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Voting closed 10

Addicts need our help, not scorn.

The purpose of this project is to bring addicts to places where they can be offered treatment and to provide immediate medical assistance in case of an overdose, so that people don't die. This also provides the incredibly important service of safe needle disposal, something that has become a major flashpoint issue in Boston.

The opioid crisis needs new ideas, not rehashed bullshit that has never worked. I think having safe locations like this is good start, but not a total solution. I hope the organizers do a good job with the mock-up and are able to convince people that we can do more to help people with addiction than police action.

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Voting closed 20

But addicts don't exactly rescue themselves. They work with others to get out of the morass, and this requires contact with those who can arrange treatment.

I work downtown. Things got so bad for a time that I started carrying narcan.

A bit over two years ago I noticed someone nod off and collapse and just sprawl on the sidewalk at Summer and Arch. She looked like she was the same color as the sidewalk - a bad sign for circulation. I called 911 and whipped out the Narcan. The ambulance arrived just after she came to. I held her as she woke and kept her calm while the EMTs set up. I handed her off, sent my husband a text that I would be late meeting him, and went on with my life.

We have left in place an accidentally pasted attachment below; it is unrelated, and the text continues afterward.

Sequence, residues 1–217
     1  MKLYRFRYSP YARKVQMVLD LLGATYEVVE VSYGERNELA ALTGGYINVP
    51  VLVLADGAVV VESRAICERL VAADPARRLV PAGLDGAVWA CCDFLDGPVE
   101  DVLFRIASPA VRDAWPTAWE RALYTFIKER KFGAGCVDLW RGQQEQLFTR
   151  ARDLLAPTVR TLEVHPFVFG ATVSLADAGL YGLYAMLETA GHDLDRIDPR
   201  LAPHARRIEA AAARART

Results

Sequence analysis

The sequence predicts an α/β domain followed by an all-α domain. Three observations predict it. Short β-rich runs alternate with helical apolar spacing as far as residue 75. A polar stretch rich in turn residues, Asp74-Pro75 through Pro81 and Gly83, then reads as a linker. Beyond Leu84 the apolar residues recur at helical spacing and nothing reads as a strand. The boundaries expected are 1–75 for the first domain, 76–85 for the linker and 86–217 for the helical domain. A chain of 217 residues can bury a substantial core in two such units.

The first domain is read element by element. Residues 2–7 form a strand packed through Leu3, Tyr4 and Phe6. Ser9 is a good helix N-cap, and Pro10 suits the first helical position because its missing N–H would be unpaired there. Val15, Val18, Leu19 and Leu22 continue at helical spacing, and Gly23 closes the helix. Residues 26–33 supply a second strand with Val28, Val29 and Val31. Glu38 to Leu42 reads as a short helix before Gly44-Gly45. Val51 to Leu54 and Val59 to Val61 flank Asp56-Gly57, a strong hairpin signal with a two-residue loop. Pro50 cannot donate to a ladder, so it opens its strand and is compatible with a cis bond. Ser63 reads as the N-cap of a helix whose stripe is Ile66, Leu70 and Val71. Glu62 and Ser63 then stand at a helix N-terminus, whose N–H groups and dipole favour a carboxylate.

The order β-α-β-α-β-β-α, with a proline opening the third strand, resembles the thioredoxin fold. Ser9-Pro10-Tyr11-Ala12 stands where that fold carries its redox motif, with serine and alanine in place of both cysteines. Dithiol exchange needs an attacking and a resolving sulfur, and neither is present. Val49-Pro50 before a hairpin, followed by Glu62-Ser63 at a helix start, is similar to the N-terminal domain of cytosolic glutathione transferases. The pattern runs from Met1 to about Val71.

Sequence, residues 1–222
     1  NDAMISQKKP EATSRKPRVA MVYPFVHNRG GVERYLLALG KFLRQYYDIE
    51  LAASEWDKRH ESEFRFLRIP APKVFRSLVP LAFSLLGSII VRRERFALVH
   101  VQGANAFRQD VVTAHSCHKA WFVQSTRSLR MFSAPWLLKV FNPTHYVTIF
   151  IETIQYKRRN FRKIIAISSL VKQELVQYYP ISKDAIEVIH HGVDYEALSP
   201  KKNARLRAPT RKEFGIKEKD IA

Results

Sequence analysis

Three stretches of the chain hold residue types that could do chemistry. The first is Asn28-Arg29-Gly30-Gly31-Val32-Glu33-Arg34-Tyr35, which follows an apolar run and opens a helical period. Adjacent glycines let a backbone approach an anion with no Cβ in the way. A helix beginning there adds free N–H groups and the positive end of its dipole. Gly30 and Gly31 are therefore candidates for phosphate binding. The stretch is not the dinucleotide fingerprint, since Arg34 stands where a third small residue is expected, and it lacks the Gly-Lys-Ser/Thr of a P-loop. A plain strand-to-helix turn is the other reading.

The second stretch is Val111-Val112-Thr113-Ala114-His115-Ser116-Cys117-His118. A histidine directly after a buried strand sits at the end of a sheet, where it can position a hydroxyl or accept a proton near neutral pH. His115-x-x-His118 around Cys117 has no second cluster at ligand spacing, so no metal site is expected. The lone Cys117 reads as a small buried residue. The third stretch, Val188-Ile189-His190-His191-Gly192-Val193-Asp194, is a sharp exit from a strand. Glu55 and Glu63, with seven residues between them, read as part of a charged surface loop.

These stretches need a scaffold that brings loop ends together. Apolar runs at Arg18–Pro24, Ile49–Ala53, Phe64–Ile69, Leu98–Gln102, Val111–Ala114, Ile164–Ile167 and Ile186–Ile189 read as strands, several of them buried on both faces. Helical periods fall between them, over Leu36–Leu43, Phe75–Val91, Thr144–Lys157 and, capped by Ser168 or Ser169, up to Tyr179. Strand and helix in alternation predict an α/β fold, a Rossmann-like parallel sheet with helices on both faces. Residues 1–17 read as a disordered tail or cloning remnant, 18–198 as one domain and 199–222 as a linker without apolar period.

About a month ago, someone tapped me on the shoulder near my workplace.

"Remember Me?"

I did, but I wasn't sure because she was healthy - and you don't just say HEY, ARE YOU THAT JUNKIE ...

She identified herself, then thanked me for saving her life.. I was shocked that she recognized me, given how out of it she was.

Her family had no idea what was going on in her life - they got involved. The incident put her in contact with people who could get her into recovery. It wasn't her first OD, but it was her last - and it would absolutely have been her last.

She had a shovel. All she knew was how to shovel. Now she's got a ladder.

Sick people can't find that ladder on their own.

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Voting closed 9

61seveners need to unite on this ya’ll. Too many people are effected by this smack.

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Voting closed 5

A lot of people don't like to inject coke in public because the effects are much different than injecting heroin. Shooting coke will make the person exhibit more unpredictable and possibly bizarre or dangerous behaviors once high. I don't know, I just don't see a public injection site working. However, if Boston gets a public injection site, will we then get to punish the people shooting up in public parks, leaving used needles on playgrounds, etc.???

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Voting closed 4

As it was so aptly put by bostnkid in a previous posting. Andrew Lelling keep up the good work
SAFE INJECTION SITES ARE HOSPICE CARE FOR END STAGE ADDICTION. All people suffering from addiction deserve better, much better

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Voting closed 4